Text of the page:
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Many Small vs One Large Solenoid?

A project log for Robotic Flexor

A passive linear actuator based on a simple solenoid to recreate the flex motion of biological muscles.

josh collinsjosh collins 08/04/2021 at 18:390 Comments

The idea

If you have one solenoid that produces a single force. You can of course double this force by having two of the same sized solenoids next to each other pulling up on the same object.

This of course will use up 2 times the amount of current though. What happens if we double the amount of solenoids, but shrink the cross sectional area to have a diameter 1/2 the original size?

This may seem like an obvious answer for some, but I wanted to make sure my assumptions were correct, just in case.

To test this I added this code to the code from my previous log: 

# Note that these parameters are mostly arbitrary, 
# since the state of the solenoid doesn't really
# matter. All that matters is the difference in
# the measured forces 
# between different 
# This will be the applied current
current = getHoldingCurrent(opposingForce)
voltage = current*resistance
# The time change were giving the force function
t = .001
# The quantity of solenoids
quantity = 1
# The distance that the core is inserted into
# the solenoid for this test.
l = length/2
r = resistance

# Stores the previous force so we can find the
# difference between it and the new force.
last = 1
sum = 0 # Used to find average change in force
n = 30 # Number of tests
f = 0
for i in range(n):
    I = current/quantity
    f = quantity*force(I, t, l, 0)
    print(f)
    sum += f/last
    last = f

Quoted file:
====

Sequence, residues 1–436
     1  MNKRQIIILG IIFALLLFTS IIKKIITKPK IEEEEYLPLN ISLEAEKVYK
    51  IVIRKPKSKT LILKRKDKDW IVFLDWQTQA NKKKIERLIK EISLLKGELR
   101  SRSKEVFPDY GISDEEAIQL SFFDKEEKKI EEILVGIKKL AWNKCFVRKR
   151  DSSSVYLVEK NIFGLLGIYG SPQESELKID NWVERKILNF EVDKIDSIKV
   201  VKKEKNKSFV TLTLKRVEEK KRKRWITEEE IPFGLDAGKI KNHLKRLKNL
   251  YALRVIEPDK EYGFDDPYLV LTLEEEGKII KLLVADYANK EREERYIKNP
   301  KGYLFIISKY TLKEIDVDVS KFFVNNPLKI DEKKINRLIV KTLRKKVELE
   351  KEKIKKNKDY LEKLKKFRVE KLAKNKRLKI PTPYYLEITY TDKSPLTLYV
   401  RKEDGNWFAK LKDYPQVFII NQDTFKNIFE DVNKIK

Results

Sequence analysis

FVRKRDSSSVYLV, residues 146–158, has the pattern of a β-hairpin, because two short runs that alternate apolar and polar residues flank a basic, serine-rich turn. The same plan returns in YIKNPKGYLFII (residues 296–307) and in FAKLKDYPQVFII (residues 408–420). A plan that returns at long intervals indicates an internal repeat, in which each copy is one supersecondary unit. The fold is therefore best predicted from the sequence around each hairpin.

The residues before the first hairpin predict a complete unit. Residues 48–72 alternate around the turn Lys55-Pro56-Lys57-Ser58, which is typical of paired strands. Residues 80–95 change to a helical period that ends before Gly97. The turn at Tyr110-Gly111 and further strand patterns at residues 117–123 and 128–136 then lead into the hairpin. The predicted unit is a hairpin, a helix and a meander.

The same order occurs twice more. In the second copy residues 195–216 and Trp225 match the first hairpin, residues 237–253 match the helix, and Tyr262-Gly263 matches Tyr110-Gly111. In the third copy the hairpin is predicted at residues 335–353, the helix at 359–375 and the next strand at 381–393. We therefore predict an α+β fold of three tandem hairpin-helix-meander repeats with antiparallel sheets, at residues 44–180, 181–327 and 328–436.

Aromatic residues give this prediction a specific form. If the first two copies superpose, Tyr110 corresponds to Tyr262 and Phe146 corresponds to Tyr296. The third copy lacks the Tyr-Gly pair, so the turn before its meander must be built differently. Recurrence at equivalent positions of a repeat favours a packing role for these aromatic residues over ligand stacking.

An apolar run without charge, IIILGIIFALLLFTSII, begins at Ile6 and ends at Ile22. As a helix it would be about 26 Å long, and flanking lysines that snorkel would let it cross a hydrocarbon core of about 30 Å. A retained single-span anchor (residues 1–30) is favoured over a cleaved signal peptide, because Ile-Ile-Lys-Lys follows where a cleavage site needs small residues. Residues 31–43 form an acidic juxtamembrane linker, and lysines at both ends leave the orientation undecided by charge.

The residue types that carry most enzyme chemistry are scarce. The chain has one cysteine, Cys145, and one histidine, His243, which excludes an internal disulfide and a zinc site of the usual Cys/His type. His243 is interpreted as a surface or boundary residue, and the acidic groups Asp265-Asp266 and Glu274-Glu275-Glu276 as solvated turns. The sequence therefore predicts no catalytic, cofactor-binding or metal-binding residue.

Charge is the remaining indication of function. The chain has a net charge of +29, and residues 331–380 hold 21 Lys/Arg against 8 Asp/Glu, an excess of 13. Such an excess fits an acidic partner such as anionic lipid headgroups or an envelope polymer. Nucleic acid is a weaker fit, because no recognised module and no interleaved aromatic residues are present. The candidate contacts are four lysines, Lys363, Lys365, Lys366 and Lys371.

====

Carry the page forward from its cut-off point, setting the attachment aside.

coreRadius/=2
    crossSectionalArea = m.pi*(coreRadius**2)
    quantity*=2
    resistance = r/quantity
    I = voltage/r

print("Average change in force when replacing a solenoid with 2 solenoids with half the diameter F1 = F0*", sum/n)

 Results:

5.889953125000001e-07
7.362441406250001e-08
9.203051757812501e-09
1.1503814697265627e-09
1.4379768371582033e-10
1.7974710464477542e-11
2.2468388080596927e-12
...
9.977968709316854e-28
1.2472460886646068e-28
1.5590576108307585e-29
1.948822013538448e-30
2.43602751692306e-31
3.045034396153825e-32
3.8062929951922815e-33
Average change in force when replacing a solenoid with 2 solenoids with half the diameter F1 = F0* 0.12083335296651042

Conclusions:

As you can see, the force decreases significantly when we replace a single solenoid with two having half the diameter. This is because the cross-sectional area is a dominating factor in the force since it is used in the calculation of both the inductance and the force. Another reason the force goes down is because we are actually decreasing the cross sectional area, because two circles with with diameters equal to the original radius, will have a smaller area than the original circle. One way we might improve is by instead of doing half the diameter, we use diameter / sqrt(2) which gives an equal cross sectional area. This is still defeated by the resistance that goes down each time we double the solenoid count, and therefore require a larger current. If we keep the current the same, then each individual solenoid will receive less and less. Basically It is a bad Idea to use many small solenoids, and the bigger the cross sectional area, the better.

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